Confused by DeWalt’s product names? We explain the difference between all DeWalt Table Saws.
DeWalt unfortunately isn’t the best at naming their products. The names by themselves are not very catchy, and then they decide to change them whenever they introduce an updated version of a machine.
In the case of table saws, DeWalt currently sells 3 different base models, divided over 6 types, and including models with integrated stands or battery packs, 10 different versions.
Figuring out the difference between those odd model numbers can be tricky. But I’ve done some research, and I’ll do my best to explain the differences, so you can hopefully make some sense and pick the DeWalt table saw that fits you best!
DeWalt also used to sell the DWE7480, DW744, and DWE7490, but those are no longer available, so I’ll just focus on the three base models I just mentioned.
The DWE7485 is the newest model and can be seen as a replacement of the DW745, which although still for sale, seems to be slowly phased out as well. It has about the same size as the DW745, but doesn’t sport a full 10-inch blade anymore, and looks visually more like a small version of the DWE7491.
Although the 7485 has a smaller blade than the 745, it does have a larger rip capacity, which was the main limitation of the 745. The 7485 can rip up to 24 1/2 inches, which is just enough to rip a 48” sheet of plywood in half. You might need a helping hand or some rollers, because the sheet will be hanging off the side. Still a good improvement over the 745 though.
The DWE7485 also runs at a much higher 5800 RPM compared to the DW745’s 3800 RPM, which should lead to smoother cuts.
To confuse things even more, there are five different versions of the 7485.
There is the standard wired DWE7485. DWE stands for DeWalt Wired (what the E stands for, I don’t know!). Although the voltage and plug will be different, the rest of this saw is identical for North America and Europe (and the rest of the world).
The DCS7485 is the cordless FlexVolt version of the 7485. DCS stands for DeWalt Cordless Saw, so if you see that before the model number, you’ll know it’s a portable, battery-powered saw.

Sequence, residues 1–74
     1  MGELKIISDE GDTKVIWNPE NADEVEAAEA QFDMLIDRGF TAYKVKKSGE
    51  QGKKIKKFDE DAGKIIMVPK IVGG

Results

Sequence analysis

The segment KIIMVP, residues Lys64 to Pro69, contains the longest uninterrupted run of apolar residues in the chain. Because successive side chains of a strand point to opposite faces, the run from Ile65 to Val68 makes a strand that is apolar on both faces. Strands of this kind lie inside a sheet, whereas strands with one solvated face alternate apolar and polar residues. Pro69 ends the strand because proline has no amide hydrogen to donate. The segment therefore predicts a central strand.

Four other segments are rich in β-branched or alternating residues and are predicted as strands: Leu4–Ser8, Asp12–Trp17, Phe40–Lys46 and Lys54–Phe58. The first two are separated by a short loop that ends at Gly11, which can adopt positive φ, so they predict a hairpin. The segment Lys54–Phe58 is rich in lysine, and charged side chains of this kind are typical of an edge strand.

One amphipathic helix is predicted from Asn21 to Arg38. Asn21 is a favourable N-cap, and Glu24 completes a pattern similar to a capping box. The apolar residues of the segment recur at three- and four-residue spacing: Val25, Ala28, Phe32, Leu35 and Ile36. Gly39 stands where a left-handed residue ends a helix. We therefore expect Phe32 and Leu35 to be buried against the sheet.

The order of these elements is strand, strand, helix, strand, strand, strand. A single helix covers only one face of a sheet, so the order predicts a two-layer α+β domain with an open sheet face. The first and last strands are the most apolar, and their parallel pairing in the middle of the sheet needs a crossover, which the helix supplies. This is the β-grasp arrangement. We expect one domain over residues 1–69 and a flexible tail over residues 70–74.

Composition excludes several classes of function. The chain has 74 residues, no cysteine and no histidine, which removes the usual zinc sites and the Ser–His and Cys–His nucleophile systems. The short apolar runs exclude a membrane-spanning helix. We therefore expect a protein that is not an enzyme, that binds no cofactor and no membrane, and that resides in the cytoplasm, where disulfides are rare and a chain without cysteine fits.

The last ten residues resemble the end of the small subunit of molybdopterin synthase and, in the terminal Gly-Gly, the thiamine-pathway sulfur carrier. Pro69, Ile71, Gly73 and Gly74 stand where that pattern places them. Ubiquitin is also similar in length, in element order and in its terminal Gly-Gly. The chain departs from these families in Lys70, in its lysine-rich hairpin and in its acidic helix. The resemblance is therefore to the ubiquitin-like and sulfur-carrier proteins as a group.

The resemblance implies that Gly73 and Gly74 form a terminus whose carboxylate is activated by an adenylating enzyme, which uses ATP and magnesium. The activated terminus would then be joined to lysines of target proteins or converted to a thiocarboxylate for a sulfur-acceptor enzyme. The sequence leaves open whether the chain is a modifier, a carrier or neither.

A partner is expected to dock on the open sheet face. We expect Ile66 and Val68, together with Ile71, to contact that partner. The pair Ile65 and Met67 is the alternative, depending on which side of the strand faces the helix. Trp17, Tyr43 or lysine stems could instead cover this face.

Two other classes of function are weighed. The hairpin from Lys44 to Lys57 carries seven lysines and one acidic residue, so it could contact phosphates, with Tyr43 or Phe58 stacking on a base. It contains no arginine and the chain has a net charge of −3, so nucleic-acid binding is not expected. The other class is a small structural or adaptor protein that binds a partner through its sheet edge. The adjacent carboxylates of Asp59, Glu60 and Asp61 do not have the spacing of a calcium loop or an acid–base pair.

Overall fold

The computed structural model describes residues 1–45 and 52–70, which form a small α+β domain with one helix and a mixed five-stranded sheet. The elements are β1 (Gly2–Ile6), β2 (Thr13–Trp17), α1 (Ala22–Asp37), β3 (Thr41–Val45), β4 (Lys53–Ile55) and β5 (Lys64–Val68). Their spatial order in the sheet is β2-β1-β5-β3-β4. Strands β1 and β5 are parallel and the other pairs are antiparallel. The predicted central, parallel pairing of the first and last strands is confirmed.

DeWalt sells the DCS7485 in a standalone version (for people who already own FlexVolt batteries), which is called the DCS7485B in the United States, and the DCS7485N in Europe.
The DCS7485T1 (US) and DCS7485T2 (EU) do include two batteries and a charger, but these are not interchangeable, as the US version runs on 60 volts and the European version only on 54 volts.
The DWE7491 and DWE7492 are nearly identical, with the 7492 being the version sold in Europe, and the 7491 being sold in North America. You can read more about the (minor) differences between them in this article.
The 7491 is the high-end model that has a large 10” blade and a 32 1/2” rip capacity. The DW745 is odd, because on the one hand it is a smaller, more portable version with only 20 inches of rip capacity, but it still sports the same 10” blade that you don’t really see on any other saws of this size.
This put the DW745 somewhere in the middle between high-end jobsite saws, like the 7491, and cheaper ones, like the new 7485. This might be the reason why DeWalt is slowly moving from the 745 to the 7485, as there is not enough difference between the cheaper and more expensive model.
The differences between these three models are really simple: They are all the same saw, just with different stands. The DWE7491X includes a very basic folding stand, while the DWE7491RS comes with a Rolling Stand (RS) that can be folded away for storage. And of course the normal DWE7491 comes with no stand at all.
I hope this short guide helped you make some sense of all DeWalt’s confusing product names. If you found any other differences between these saws, let me know in the comments below!
© Machine Atlas 2021